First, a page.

Yahoo Mail Ad-Blocking Move Angers Users - InformationWeek

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Yahoo Mail Ad-Blocking Move Angers Users
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larryloeb
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larryloeb,
User Rank: Author
11/25/2015 | 8:38:01 PM
Re: Economics
It won't work.

Investors will watch declining users and flee.
Brian.Dean
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Brian.Dean,
User Rank: Ninja
11/25/2015 | 8:31:30 PM
Re: Economics
You are 100% correct and driving revenue in this way will be short lived. Maybe, Yahoo needs a short term boost to its revenue to drive up its stock price and hold retained earnings for an investment or to sell the concerning division at a good price.
larryloeb
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larryloeb,
User Rank: Author
11/25/2015 | 8:13:36 PM
Re: Economics
Yahoo seems these days to be focused on driving revenue from display ads to the exclusion of all else. And that includes keeping users.
Brian.Dean
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Brian.Dean,
User Rank: Ninja
11/25/2015 | 8:05:08 PM
Economics
A user will have to watch ads, or sponsored content will be mailed to the user based on words that are present in the user's inbox conversations. Alternatively, a user can follow the subscription model, complete isolation -- good or bad.

However, Yahoo should not try to force users to pay and the company should develop a long term strategy for its display network. The market has become a bit more competitive ever since, Facebook come onto the scene as it has managed to capture viewership. Google would have not been safe but, Google focused on a long term strategy and one of the areas of focus was to introduce users to the ease of utilizing their display network -- driving up revenue.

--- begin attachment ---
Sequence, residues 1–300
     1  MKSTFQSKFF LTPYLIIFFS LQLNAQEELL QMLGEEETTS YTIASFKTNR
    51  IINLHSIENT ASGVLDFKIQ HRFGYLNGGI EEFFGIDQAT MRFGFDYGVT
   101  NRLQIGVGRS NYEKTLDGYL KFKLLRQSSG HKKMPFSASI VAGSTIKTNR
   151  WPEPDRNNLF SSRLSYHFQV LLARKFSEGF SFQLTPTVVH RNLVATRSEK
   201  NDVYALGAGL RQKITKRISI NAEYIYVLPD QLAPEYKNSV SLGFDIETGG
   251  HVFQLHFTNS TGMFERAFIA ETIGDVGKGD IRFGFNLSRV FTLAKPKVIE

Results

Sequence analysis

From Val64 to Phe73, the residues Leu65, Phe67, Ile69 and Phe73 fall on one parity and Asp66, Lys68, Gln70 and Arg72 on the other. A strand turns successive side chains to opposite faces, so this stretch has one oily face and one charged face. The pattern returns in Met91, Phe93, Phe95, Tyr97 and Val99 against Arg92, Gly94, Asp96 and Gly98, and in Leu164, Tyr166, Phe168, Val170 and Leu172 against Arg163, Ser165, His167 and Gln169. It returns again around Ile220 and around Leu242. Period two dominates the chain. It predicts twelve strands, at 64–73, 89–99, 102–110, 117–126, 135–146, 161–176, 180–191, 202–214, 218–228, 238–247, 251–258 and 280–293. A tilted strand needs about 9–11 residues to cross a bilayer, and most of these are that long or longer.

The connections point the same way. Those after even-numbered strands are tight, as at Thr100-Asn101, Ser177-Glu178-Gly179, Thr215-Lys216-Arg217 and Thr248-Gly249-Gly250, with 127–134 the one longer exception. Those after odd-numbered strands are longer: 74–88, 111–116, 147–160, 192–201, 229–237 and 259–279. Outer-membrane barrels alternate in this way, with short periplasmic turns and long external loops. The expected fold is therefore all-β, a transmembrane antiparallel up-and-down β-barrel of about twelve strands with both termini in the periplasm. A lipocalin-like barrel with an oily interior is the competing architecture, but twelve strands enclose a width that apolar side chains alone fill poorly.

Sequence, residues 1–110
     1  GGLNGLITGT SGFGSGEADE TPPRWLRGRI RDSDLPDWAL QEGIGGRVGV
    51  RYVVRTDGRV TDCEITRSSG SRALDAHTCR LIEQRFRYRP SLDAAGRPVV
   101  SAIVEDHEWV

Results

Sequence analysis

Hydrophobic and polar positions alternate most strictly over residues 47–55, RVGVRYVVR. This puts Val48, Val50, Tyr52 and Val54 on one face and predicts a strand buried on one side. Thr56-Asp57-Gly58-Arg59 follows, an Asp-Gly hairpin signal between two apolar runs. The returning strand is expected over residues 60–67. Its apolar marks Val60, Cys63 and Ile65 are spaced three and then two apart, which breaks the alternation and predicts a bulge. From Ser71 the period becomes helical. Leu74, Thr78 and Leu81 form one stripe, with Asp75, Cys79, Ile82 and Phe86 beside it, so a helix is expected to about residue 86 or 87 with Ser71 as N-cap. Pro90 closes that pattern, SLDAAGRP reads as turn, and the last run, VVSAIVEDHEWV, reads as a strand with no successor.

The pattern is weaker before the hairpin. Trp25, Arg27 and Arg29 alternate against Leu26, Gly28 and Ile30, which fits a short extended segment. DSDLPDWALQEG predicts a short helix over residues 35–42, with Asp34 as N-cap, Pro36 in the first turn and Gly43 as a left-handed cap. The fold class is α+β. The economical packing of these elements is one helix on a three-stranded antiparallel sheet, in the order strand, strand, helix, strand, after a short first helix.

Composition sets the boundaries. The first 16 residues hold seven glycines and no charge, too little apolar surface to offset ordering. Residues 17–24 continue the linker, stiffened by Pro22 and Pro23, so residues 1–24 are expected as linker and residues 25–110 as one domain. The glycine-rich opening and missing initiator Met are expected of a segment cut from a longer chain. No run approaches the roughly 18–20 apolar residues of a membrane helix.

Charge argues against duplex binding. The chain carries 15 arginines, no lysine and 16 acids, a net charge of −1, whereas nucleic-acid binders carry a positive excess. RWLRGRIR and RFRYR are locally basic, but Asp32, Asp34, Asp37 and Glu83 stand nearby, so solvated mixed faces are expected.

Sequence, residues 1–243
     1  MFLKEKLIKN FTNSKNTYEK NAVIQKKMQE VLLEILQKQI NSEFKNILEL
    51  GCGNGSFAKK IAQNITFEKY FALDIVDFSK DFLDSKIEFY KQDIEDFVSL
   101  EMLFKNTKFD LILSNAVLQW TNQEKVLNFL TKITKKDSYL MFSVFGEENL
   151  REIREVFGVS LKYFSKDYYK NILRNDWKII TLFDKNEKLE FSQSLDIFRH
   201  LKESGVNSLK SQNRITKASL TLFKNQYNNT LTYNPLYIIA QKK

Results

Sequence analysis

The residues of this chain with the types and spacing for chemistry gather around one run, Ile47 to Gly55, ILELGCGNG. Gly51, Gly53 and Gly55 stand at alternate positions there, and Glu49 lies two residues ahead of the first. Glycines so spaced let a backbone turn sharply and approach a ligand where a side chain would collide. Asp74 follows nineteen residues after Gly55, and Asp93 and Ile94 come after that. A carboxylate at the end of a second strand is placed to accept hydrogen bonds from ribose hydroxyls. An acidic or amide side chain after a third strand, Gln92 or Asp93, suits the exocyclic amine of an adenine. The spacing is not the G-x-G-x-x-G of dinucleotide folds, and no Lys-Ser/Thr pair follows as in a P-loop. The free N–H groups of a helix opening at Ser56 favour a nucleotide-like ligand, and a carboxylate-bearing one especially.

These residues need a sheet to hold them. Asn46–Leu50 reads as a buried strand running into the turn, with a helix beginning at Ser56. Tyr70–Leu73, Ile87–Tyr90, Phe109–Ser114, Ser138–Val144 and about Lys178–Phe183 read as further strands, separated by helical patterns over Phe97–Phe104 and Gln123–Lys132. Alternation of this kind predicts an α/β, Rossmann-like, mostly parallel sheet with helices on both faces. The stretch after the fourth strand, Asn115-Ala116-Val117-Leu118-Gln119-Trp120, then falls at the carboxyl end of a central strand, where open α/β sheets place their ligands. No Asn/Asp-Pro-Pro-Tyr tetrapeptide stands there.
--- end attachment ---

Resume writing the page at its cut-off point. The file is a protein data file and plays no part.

If we go to Yahoo's advertising page then, the first impression is a page that seems broken. For instance, that text reading "Introducing Yahoo Gemini" is in black over a colorful cover type picture.
larryloeb
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larryloeb,
User Rank: Author
11/25/2015 | 6:38:15 AM
Re: Short sighted
You may have hit the nail on the head.

They haven't created anything of value.

They tried, but nothing has really caught on.
Broadway0474
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Broadway0474,
User Rank: Ninja
11/24/2015 | 10:56:21 PM
Re: Short sighted
Larry, hasn't the Alibaba deal turned out to be a major writeoff/loss? They are a sad-sack case. I can remember when I got my first web email --- it was mid to late 90s and it was a Yahoo address. Now, they have relied on a shock and awe campaign of big and small acquisitions, but they haven't created anything new or exciting. They haven't changed the tide of momentum against them. And now the vultures are circling even their revered CEO.
larryloeb
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50%
larryloeb,
User Rank: Author
11/24/2015 | 8:17:17 PM
Re: Short sighted
What you are talking about is the subscription model. If you want the content, subscribe. It's worked for paper magazines and some e-pubs. But times change.

There has long been a saying about the internet: If it is a free service, you are the product. Not everyone has realized that is the tradeoff.

And that is the crux of the problem. Want it free? Watch the ads and let yourself be tracked.
danielcawrey
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danielcawrey,
User Rank: Ninja
11/24/2015 | 7:16:24 PM
Re: Short sighted
This is becoming such a contentious issue. Media and technology companies need to make money from their products. However, consumers are getting really tired of all the ads. 

What's the solution? I'm wondering if consumers would be willing to pay small amounts of money for an ad-free service. I know Google is trying this out right now, and I think that the numbers could work for tech and media companies alike. They should at least try it...
larryloeb
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50%
larryloeb,
User Rank: Author
11/24/2015 | 12:45:12 PM
Re: Short sighted
@jastroff

If that is their motivation, it is extrememly short-sighted on their part. They will accelerate the death spiral.
larryloeb
100%
0%
larryloeb,
User Rank: Author
11/24/2015 | 12:43:47 PM
Re: Short sighted
@DDurbin

Ballmer's offer was made while Yahoo was still a major player. More importantly, the investment in Alibaba had not been played out yet. Investors had very high hopes for that payout.

If they are trying to max revenues short term, it will end up killing them.
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